India demands access to BlackBerry messages, threatens to block services
MUMBAI -- India warned Thursday that it will block BlackBerry encrypted corporate e-mail and messaging services if local security agencies are not given access to them by the end of this month.
The public threat runs parallel with an unannounced decision to pursue similar concerns with Google, Skype and other communications services, according to a government document seen by the Financial Times. The proposal was discussed at a July meeting of representatives from the government and telecommunications and Internet operator associations.
The minutes of a meeting between the Department of Telecommunications (Security Wing) and operator associations on July 12 was convened to look at a "possible solution" for interception and monitoring of encrypted communications by security agencies. "There was consensus that there [is] more than one type of service for which solutions are to be explored. Some of them are BlackBerry, Skype, Google etc," according to the department's minutes. "It was decided first to undertake the issue of BlackBerry and then the other services."
Department officials could not be reached for comment. Representatives from two of the operator associations present confirmed the details of the meeting.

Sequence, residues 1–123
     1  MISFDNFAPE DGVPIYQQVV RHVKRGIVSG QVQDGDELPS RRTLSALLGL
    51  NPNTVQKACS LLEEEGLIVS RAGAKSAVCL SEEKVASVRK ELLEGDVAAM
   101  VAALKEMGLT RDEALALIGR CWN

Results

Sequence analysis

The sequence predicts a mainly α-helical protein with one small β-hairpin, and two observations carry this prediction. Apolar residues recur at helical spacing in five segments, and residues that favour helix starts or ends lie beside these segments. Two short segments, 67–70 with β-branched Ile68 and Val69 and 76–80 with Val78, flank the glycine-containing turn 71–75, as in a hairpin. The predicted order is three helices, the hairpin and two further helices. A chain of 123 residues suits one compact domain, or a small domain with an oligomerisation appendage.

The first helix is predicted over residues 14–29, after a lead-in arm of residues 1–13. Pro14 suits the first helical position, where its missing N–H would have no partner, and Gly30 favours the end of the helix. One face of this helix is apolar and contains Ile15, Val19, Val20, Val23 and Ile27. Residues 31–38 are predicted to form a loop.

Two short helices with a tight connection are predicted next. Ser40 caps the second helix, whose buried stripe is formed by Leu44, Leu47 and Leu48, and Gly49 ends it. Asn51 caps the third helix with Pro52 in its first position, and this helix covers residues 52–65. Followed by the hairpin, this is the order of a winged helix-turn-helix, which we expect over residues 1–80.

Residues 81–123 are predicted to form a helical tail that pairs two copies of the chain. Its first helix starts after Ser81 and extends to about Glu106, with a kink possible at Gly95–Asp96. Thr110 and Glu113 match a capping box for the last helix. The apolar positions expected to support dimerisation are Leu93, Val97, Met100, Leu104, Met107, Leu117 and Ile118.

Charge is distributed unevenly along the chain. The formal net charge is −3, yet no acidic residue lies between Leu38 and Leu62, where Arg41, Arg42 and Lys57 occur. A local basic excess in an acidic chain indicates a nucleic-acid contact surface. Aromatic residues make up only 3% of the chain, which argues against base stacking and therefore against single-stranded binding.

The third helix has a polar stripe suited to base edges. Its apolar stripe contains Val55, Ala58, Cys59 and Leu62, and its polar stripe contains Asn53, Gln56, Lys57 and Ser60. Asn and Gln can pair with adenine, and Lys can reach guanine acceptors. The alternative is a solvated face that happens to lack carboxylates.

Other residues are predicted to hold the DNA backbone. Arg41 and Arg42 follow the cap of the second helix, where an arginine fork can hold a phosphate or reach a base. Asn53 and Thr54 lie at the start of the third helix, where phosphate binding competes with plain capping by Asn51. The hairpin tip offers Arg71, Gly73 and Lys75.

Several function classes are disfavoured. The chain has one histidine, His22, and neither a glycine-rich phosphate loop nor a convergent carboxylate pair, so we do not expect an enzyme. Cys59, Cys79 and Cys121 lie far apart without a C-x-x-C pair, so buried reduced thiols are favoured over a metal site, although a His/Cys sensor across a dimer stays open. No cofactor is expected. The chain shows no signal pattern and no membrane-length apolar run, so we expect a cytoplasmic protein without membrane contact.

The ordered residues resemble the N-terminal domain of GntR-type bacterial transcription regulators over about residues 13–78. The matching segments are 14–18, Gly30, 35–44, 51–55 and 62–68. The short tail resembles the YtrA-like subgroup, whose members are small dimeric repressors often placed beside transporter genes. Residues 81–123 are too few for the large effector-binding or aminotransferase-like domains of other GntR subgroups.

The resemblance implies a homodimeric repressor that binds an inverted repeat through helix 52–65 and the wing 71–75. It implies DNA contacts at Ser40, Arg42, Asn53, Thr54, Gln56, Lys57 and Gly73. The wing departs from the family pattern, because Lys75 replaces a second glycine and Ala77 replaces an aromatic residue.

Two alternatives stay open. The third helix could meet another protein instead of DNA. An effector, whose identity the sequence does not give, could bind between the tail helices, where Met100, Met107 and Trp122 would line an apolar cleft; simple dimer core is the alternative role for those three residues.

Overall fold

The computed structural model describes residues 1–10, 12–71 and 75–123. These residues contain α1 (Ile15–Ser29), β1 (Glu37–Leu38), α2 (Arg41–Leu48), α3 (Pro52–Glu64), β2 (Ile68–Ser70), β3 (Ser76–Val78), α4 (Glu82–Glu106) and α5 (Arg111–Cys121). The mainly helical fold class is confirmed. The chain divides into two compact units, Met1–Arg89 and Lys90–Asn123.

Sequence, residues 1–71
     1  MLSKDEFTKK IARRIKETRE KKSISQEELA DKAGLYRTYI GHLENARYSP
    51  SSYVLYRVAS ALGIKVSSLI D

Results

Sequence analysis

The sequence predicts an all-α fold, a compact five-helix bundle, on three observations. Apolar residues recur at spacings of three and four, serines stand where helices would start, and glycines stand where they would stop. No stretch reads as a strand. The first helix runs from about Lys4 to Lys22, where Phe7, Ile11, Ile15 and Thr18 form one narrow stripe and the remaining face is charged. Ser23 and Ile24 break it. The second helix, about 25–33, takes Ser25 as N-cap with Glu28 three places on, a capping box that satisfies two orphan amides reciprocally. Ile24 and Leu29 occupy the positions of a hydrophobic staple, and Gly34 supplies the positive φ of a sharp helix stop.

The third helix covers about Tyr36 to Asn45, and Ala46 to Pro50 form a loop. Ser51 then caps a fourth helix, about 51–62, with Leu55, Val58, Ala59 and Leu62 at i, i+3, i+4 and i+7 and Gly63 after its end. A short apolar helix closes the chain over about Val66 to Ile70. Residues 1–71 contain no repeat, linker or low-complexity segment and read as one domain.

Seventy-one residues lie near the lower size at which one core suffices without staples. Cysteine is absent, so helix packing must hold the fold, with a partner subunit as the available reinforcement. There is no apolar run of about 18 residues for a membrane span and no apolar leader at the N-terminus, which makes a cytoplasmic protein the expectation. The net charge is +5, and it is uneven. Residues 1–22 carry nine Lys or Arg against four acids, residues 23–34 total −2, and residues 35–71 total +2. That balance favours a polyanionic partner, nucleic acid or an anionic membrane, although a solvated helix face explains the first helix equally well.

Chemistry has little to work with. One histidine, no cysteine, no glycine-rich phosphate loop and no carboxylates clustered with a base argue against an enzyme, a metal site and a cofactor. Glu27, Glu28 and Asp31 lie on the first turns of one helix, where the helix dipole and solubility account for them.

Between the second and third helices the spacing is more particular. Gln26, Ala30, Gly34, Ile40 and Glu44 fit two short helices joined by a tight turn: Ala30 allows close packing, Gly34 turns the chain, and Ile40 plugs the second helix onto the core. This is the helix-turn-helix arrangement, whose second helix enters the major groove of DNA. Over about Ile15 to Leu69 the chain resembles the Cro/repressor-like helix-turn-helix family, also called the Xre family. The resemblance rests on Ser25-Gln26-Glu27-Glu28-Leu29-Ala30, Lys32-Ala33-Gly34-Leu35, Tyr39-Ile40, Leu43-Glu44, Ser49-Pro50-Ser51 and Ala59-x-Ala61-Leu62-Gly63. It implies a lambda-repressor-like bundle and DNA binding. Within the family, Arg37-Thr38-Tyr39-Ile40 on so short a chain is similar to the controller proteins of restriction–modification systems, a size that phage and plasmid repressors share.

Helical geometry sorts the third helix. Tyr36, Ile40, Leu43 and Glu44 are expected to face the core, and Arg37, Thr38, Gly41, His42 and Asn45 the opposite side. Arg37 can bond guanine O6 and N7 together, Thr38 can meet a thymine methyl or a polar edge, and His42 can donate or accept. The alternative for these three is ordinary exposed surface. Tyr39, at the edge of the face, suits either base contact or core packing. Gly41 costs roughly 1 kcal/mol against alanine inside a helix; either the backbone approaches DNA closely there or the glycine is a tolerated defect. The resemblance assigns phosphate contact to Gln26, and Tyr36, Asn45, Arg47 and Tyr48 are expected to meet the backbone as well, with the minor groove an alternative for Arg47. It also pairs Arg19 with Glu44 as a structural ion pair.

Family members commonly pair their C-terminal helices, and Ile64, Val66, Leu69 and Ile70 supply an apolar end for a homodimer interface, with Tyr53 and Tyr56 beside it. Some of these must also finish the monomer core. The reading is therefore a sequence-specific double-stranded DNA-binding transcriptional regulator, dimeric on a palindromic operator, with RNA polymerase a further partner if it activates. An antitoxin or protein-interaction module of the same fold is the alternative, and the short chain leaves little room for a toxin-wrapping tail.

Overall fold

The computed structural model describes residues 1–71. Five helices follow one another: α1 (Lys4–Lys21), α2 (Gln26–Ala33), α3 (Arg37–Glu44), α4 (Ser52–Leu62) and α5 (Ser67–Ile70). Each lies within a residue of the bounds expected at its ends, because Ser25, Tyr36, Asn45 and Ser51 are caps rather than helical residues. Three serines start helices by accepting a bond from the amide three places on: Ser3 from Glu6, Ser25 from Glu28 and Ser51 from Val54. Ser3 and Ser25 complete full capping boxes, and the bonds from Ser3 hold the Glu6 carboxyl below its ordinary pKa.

The Indian measures will ratchet up the pressure on Research in Motion, the Canadian company that makes BlackBerry devices, and other communications providers. RIM is grappling with a similar threat from the United Arab Emirates if it does not open its services to scrutiny by Oct. 11.
RIM declined to comment. Skype did not respond to an e-mail request for comment. Google said it could not comment, because it had "not received any communication from the government on the issue."
Like other nations, India wants access to BlackBerry's encrypted corporate e-mail service and its tightly controlled messaging function in response to fears they could be used by terrorists to avoid detection. In a statement, the Ministry of Home Affairs warned, "If a technical solution is not provided by August 31, 2010, the government will review the position and take steps to block these two services from the network."
People familiar with the government's position warned that security agencies were seeking access to all Internet-based traffic. "At the last security meeting, the agencies were talking about BlackBerry. They were also coming out heavily on Skype and Google," said Rajesh Chharia, president of the Internet Service Providers Association of India.
-- Financial Times